19 thoughts on “A good mindset helps, but it isn’t everything

  1. Laurie @thefrugalfarmer

    LOVE this, Mr. SCC, and it SO spoke to me today. I’ve been on self-pity track about reaching FI, about dumping our debt, and I realized after reading your post that I’ve been subconsciously telling myself that we can’t do it and that that is where the defeatist attitude is sneaking in. Time to change my mindset. I need to take a lesson from you. Or from my kid. ๐Ÿ™‚ Thanks for the mention!

    1. Mr SSC Post author

      Awesome, I’m glad it helped you out! ๐Ÿ™‚ I find myself getting into that defeatist attitude sometimes, and then I have to remind myself that, “Sure, things may suck about my current situation, but good or bad, I’m still way better off than a lot of other people.” That mindset sort of prompted that post obout being happy for first world problems.

      Yeah that story about your daughter was pretty inspiring, because it just highlights how important a positive mindset can be.

    1. Mr SSC Post author

      Yeah without the work, you end up like Barney – stuck in a subway just looping around along for the ride, so to speak. ๐Ÿ™‚ Like I said, I’ve only recently admitted that I like running. ๐Ÿ™‚ I think it stems from playing soccer from 3rd grade until highschool, and having to run at practice so much. I’ve always seen it as a negative instead of a positive. Not anymore though.

  2. Brian @ debt discipline

    Love me some, wait for it…. Barney. A really funny character. Mindset change is really our breakthrough in our debt repayment journey. It wasn’t until we got our behaviors and attitude toward money right that we were able to make a change. Good luck on the half-marathon!

    1. Mr SSC Post author

      Haha, yeah Barney’s great! Self five!! The big breakthrough for me on our FFLC journey was changing how I saw money and my relationship with it. Like your family, it’s probably what changes most in people wanting to end their current bad cycle of whatever it is they’re dealing with, whether it’s debt, gambling, drinking, too much tv, whatever it is, without changing the mind set it’s easier to keep doing what you’ve been doing.
      Thanks, I’ll let you guys know how it turns out!

  3. amber tree

    Running seems to be a popular mindset change. I also started slowly, building up to 5K and one day I reached 9K.
    Sadly, I now am a little injured at the knee… I will have to follow up with a doctor to figure out what is wrong. I still run, just less.

    1. Mr SSC Post author

      I think unless you’re an athletic freak of nature, there’s no other way tos tart running, lol. I twisted my knee in a puddle a few weeks back and had to take 4 days off, icing it for a few hrs at night, but fortunately it didn’t linger. Lesson learned when running in the rain, run around puddles, not through them… ๐Ÿ™‚

      Good luck with getting your knee back to normal!

  4. Tawcan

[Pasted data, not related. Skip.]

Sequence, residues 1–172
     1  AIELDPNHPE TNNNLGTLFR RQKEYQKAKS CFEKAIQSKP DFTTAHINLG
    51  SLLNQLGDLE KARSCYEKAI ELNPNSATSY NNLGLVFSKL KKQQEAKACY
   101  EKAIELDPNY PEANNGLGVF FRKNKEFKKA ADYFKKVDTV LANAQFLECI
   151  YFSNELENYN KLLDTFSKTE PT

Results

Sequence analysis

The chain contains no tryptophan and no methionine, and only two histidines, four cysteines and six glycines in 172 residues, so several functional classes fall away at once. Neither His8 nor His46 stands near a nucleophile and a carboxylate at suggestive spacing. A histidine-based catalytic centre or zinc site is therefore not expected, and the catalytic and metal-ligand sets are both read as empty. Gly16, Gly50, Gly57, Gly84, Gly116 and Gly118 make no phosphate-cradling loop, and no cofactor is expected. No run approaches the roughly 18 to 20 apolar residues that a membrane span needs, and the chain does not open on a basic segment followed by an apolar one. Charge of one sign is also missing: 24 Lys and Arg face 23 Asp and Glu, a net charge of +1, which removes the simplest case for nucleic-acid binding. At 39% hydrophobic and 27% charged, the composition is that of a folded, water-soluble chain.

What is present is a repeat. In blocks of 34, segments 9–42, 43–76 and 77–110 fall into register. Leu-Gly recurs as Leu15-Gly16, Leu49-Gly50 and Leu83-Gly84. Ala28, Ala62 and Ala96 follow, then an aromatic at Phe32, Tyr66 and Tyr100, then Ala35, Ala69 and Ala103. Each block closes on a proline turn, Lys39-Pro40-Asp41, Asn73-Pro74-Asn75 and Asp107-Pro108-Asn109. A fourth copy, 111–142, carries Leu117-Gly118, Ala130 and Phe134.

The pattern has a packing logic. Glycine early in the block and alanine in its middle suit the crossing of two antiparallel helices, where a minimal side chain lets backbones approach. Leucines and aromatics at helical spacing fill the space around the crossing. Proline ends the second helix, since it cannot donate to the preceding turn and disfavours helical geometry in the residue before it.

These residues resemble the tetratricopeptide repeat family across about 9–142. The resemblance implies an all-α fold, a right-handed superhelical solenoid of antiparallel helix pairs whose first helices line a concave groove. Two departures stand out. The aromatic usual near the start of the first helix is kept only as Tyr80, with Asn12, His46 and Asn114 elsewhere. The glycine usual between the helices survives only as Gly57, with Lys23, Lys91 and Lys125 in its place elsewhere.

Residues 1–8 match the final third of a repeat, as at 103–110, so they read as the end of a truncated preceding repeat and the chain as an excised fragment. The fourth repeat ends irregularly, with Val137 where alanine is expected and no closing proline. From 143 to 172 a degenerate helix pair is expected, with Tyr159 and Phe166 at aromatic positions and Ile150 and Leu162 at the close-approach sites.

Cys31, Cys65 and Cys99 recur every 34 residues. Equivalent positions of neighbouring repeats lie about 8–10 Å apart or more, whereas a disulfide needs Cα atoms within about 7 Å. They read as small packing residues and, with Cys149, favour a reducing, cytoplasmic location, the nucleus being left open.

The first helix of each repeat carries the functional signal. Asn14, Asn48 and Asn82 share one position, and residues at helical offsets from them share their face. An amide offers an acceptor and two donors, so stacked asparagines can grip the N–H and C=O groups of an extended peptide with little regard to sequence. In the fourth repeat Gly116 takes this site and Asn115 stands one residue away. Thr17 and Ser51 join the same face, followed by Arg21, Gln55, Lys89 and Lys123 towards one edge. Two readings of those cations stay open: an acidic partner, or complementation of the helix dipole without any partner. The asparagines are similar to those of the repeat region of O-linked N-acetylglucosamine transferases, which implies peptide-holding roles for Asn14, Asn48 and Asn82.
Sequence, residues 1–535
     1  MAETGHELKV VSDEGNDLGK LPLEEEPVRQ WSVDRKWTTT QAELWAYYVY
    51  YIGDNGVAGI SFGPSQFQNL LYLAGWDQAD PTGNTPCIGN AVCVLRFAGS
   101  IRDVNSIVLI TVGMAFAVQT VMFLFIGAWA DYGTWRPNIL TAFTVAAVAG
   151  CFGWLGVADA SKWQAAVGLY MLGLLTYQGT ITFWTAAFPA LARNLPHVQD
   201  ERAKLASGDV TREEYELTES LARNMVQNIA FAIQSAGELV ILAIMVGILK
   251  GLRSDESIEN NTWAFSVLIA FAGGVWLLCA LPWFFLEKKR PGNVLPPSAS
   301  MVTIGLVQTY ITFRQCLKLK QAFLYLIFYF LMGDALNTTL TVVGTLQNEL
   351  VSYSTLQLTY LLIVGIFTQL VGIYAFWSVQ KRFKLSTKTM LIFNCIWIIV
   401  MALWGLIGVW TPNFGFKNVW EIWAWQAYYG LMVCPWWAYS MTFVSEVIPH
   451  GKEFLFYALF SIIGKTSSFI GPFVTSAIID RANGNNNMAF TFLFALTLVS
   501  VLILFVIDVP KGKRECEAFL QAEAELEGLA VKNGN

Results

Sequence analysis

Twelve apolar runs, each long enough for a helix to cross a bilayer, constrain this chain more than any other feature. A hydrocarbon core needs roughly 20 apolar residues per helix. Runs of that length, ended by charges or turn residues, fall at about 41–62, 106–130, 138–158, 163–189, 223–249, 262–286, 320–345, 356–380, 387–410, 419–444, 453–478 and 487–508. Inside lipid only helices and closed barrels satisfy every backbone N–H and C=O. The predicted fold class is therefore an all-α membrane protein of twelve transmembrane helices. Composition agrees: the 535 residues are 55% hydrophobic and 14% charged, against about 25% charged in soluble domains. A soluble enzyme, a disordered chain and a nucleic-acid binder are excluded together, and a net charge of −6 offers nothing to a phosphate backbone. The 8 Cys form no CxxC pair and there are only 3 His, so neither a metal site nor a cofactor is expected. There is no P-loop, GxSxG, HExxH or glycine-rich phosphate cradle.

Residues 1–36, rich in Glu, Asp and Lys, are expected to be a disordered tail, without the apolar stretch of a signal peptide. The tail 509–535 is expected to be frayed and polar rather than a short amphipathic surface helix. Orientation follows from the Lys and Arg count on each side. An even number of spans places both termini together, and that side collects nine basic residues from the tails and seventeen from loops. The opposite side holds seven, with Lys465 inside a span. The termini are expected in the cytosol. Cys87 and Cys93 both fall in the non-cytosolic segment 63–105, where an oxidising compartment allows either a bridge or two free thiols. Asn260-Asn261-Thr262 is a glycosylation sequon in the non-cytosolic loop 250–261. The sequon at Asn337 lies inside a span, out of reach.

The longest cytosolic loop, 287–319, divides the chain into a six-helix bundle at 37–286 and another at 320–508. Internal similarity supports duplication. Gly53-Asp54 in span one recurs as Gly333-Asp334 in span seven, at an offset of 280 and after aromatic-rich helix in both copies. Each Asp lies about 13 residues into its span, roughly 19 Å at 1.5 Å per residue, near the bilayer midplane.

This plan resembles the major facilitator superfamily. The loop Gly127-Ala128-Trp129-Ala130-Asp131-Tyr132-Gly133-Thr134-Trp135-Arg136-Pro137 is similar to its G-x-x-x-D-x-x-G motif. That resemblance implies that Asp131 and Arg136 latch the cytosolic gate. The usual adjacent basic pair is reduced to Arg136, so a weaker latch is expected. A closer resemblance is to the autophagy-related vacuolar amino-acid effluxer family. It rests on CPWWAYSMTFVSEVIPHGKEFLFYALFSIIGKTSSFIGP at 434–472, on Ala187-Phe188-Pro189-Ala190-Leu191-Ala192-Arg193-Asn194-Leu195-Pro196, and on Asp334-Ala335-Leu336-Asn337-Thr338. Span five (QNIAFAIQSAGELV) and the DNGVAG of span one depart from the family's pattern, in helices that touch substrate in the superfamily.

Running is something I haven’t been able to pick up. There’s just something about running that does not fit for me. Perhaps I need a total mindset change myself. ๐Ÿ™‚

    1. Mr SSC Post author

      Mrs. SSC is the same way with running. It hurts her when she tries to do it, so she doesn’t do it. Recently, she found out it’s the way her hips, legs and knees are aligned that’s causing the pain. Nothing unusual or serious, she’s just not built for running. ๐Ÿ™‚

  5. Our Next Life

    Congrats on getting up to 13.4!! And no wall, right? That’s the only real difference between a half and a full — the wall. But if you run slowly enough and hydrate properly, you don’t even really hit that. I still bet you’ll want to do the full deal after you finish your official half. ๐Ÿ™‚ And same concept — it’s of course some prep, but it’s mostly mindset. Mr. ONL has run four marathons and I’ve only run 1, and I got injured training because I felt like confidence was the most important thing, and so ran 20, 22, 24 and 26 before the actual race so that I wouldn’t lack confidence on race day, and it turned out that was way too much running. Mr. ONL will only go as high as 14 or 15 before the full, and he’s had no significant injuries that way. So sometimes the mindset shift that you need is that it’s better to be underprepared than overprepared — definitely different from financial matters! ๐Ÿ™‚

    1. TheMoneyMine

      My running coach actually recommended me to stop running 7-10 days before the race to let the body recover from all the preps. It seems that the main cause of injuries for marathon runners is … in the (over) preparation ๐Ÿ™‚

    2. Mr SSC Post author

      Thanks! Not only did I hit my goal of running that distance 2 weeks early, but I also broke the 2 hr mark doing it. I felt like it was a comfortable pce too, so hopefully, I can keep it up during the race. It was at night, and cooler than the race day will be but still it was a good confidence booster that my stretch goal is attainable! ๐Ÿ™‚